Focus on People, Not Technology for Common-Core Implementation?
The vast majority of K-12 information-technology professionals in school districts today report that preparing for common core is one of their top three priorities, according to a new study by CDW-G released today at the ISTE conference.
Out of a survey of 300 K-12 IT professionals, 83 percent ranked meeting common-core technology standards as one of their top three priorities. Twenty-nine percent ranked it as their number-one priority, the survey found.
Those findings were the starting point for a discussion for a group of educators serving on a panel at the conference on Monday. The panelists were Joanna Antonio, a technology coordinator at the 14,500-student Passaic Public Schools in New Jersey, Doug Renfro, an instructional designer at the 83,000-student Metro Nashville Public Schools, as well as Geoff Fletcher, the deputy executive director of SETDA, the State Educational Technology Directors Association, at a well-attended session addressing how schools are ramping up their technology in preparation for common core.
In the Passaic district, IT staff are rolling out Google Chromebooks to high schoolers and middle schoolers to create a 1-to-1 environment in preparation for common core, said Antonio. But rolling out the technology itself will do little to change the learning environment for students, Antonio emphasized. Teachers will need to undergo intensive professional development, which she is providing to a group of pilot teachers in hopes that they will share their knowledge with the other teachers in the district.
Doug Renfro, of the Nashville public schools, also emphasized the need to focus on people, rather than technology, when preparing for a smooth transition to common-core assessments. One of the most effective ways to do that, he said, was to have the folks who are delivering common-core professional development model the instructional techniques teachers will be using to deliver common-core instruction.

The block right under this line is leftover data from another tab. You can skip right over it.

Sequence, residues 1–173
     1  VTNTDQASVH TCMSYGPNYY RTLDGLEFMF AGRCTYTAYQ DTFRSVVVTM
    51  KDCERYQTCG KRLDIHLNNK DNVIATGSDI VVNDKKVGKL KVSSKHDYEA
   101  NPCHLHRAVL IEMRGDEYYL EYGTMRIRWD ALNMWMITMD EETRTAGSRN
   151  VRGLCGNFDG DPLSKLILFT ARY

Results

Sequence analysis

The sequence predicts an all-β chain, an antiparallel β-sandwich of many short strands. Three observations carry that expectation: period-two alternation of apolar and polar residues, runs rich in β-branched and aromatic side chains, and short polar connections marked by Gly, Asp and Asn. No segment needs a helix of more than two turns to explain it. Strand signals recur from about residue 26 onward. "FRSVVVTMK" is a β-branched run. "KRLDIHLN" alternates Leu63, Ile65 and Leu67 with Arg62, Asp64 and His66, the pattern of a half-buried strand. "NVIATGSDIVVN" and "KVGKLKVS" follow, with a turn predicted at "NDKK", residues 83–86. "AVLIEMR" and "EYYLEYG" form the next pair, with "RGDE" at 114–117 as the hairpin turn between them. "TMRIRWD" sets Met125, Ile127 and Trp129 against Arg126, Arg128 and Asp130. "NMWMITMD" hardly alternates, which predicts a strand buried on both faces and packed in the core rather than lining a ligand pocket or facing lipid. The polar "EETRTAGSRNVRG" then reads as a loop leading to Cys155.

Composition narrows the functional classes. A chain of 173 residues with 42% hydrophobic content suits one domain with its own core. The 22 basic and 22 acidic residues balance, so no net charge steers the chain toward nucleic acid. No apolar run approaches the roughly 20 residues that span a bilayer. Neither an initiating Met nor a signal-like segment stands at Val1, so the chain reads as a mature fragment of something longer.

"Getting our curriculum people to model [common-core instructional techniques] is a huge first step," he said. With modeling in place, "at least you're not going to undergo professional development that's completely foreign to the way we want to teach."
Geoff Fletcher, from the technology directors' association, encouraged educators to examine exactly how funds designated for technology and other purposes can be used. In some states, money that was previously slated for textbooks can now be used to purchase technology or digital instructional materials—a move that SETDA recommends all states make. "If you adopt digital materials, you're going to be much more flexible," he told the audience. "Money is a challenge, but the flexibility is there to begin to take advantage of it in school districts."
That feedback could be helpful to the 76 percent of K-12 IT professionals who listed budget concerns as their greatest worry in the CDW-G survey. That worry was followed by the 69 percent of respondents who said that being having understaffed IT support was their biggest concern.